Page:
This is now the second time we’ve seen a “nighttime solar energy” pick from the folks at Angel Publishing — last time it was for a solar spray-on film innovation, in a pitch for Green Chip Stocks Premium where they claimed that a company had “perfected sunless solar,” and this time it’s a pitch from Alternative Energy Speculator for a battery company that lets us use “solar at night.”
Here’s how this latest ad launches into our noggins:
“Chinese Researcher Unveils Nighttime Solar Energy At Private Investment Conference
“On July 12th, Henry Chiang presented the world with a way to power entire countries using solar at night…
“His secret technology, and the tiny startup firm that owns it, could earn you the easiest $131,500 you’ve ever made.”
I almost stopped reading right there, because, well, I really really really want to make an easy $132,000. But perhaps I can settle for a touch less? Let’s see who this Henry Chiang is, and what the stock is that Nick Hodge is teasing us about.
(And yes, I know that Nick Hodge was also the one who played a big role in pumping up the share price of AEHI, the nuclear scam, before it got shut down by the SEC … I’ll be generous and assume that he got buffaloed by that one in his excitement to tell an enriching story, he has, to be fair, also teased some ideas that turned out well).
So here’s what happened at this “unveiling:”
“… on July 12, 2010, he delivered a 23-minute speech in which he unveiled a technology he’d been waiting for the perfect time to reveal.
“So, as nearly every member at the Global Hunter Securities Conference sat on the edges of their seats, Henry Chiang described several key details of a project he’d been working on for years…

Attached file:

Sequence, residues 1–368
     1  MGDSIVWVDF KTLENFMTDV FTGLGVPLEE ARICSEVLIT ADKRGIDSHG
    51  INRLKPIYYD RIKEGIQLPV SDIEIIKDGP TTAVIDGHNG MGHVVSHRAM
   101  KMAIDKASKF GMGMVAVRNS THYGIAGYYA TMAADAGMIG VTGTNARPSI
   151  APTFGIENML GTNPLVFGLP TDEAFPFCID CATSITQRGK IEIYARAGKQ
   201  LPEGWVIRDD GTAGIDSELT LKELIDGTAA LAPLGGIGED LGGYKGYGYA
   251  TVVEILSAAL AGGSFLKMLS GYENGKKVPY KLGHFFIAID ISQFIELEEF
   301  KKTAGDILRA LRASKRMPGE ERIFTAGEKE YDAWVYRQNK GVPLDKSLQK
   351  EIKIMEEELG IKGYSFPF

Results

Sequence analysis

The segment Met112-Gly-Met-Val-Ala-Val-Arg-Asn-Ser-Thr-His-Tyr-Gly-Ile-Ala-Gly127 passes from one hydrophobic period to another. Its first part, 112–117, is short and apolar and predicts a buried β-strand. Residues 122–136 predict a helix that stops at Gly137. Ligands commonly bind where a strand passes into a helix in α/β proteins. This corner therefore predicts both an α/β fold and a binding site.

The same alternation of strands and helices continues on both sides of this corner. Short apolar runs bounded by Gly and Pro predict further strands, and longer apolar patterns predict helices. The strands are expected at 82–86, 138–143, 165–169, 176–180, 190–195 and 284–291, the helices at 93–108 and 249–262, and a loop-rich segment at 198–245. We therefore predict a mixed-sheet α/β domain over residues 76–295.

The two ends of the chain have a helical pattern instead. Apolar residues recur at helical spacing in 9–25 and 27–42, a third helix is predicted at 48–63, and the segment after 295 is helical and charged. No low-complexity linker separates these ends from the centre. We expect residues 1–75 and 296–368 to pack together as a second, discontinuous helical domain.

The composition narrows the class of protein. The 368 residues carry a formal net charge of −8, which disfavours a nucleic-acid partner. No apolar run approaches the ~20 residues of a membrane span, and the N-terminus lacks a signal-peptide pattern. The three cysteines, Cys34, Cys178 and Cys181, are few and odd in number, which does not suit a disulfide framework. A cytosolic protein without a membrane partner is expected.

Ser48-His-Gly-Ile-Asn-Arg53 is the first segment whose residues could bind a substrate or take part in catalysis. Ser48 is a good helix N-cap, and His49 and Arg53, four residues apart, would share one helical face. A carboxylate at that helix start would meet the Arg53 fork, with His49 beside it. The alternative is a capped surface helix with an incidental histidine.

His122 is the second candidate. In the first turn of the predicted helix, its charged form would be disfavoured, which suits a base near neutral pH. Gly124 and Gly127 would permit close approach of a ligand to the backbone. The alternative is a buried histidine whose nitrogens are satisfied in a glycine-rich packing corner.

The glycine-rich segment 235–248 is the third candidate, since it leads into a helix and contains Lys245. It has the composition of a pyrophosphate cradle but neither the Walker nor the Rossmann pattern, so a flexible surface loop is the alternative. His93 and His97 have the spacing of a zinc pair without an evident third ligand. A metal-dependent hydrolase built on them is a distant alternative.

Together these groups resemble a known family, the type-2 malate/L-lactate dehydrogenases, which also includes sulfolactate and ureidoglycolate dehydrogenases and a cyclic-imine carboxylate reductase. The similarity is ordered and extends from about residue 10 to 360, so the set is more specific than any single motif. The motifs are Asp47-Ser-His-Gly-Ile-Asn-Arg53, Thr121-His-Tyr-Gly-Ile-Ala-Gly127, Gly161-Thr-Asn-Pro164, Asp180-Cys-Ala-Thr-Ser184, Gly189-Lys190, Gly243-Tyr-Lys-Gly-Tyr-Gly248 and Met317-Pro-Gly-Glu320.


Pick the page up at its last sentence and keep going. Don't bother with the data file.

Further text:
“A viable way to use solar power at night.”
Huh? Makes you wonder why none of us heard about this incredible-sounding project, eh?
Hodge goes on to tell us some of what many have probably already heard about solar power — that the sun is powerful enough to easily supply all the energy the planet needs, but that it hasn’t been stored efficiently enough to get anywhere near that promise, and that energy storage will be a key area of investment in the decade ahead. Stands to reason, after all — one of the key problems with solar and wind power is that it’s not constant, like burning coal can be, so you need some way to store energy, something the regular power grid really just can’t do.
And we’ve seen plenty of promises about energy storage — most rely on batteries, as you might expect, and on advancing into more and more efficient and cost-effective battery designs, but there are other ideas too, including hydro storage (pumping water into a dam, then feeding the water back through the dam to run turbines when needed) and flywhee